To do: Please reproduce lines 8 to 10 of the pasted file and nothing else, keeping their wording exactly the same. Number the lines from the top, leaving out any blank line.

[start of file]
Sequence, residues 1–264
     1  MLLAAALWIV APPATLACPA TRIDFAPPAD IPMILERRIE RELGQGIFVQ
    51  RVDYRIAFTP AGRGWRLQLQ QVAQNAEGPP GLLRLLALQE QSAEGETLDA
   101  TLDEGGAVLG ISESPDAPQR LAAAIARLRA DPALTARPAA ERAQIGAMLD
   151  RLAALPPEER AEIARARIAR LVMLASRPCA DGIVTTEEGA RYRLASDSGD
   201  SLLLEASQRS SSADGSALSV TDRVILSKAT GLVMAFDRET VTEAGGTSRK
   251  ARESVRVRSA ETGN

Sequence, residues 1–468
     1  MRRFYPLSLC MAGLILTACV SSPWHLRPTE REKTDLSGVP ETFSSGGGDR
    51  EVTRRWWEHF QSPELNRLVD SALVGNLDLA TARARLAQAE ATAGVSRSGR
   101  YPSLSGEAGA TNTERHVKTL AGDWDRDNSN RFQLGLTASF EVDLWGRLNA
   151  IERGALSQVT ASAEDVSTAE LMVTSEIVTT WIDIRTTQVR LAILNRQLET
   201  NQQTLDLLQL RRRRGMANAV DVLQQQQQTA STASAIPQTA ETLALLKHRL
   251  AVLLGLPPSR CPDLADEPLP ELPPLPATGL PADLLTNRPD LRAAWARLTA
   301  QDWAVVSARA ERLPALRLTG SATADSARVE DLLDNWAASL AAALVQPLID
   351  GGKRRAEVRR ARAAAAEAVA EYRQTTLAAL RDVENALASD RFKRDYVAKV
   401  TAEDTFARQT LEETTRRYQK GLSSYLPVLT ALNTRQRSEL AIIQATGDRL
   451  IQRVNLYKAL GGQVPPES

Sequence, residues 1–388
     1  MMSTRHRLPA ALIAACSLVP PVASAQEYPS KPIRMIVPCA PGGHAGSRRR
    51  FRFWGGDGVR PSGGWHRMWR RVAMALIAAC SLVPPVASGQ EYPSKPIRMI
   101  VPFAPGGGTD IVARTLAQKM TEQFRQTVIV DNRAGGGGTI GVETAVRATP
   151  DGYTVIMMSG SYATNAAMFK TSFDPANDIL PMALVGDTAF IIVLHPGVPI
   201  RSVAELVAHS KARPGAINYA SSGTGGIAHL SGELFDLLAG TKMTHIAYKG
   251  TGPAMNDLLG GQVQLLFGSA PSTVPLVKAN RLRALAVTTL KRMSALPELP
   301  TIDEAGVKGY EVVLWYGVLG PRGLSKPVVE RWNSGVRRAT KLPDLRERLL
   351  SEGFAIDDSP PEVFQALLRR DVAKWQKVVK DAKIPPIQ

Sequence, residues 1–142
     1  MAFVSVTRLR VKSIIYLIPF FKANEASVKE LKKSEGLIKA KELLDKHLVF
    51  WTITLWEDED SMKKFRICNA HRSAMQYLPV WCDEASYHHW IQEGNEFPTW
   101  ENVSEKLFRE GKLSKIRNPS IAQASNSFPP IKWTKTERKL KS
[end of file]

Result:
Sequence, residues 1–468
     1  MRRFYPLSLC MAGLILTACV SSPWHLRPTE REKTDLSGVP ETFSSGGGDR
    51  EVTRRWWEHF QSPELNRLVD SALVGNLDLA TARARLAQAE ATAGVSRSGR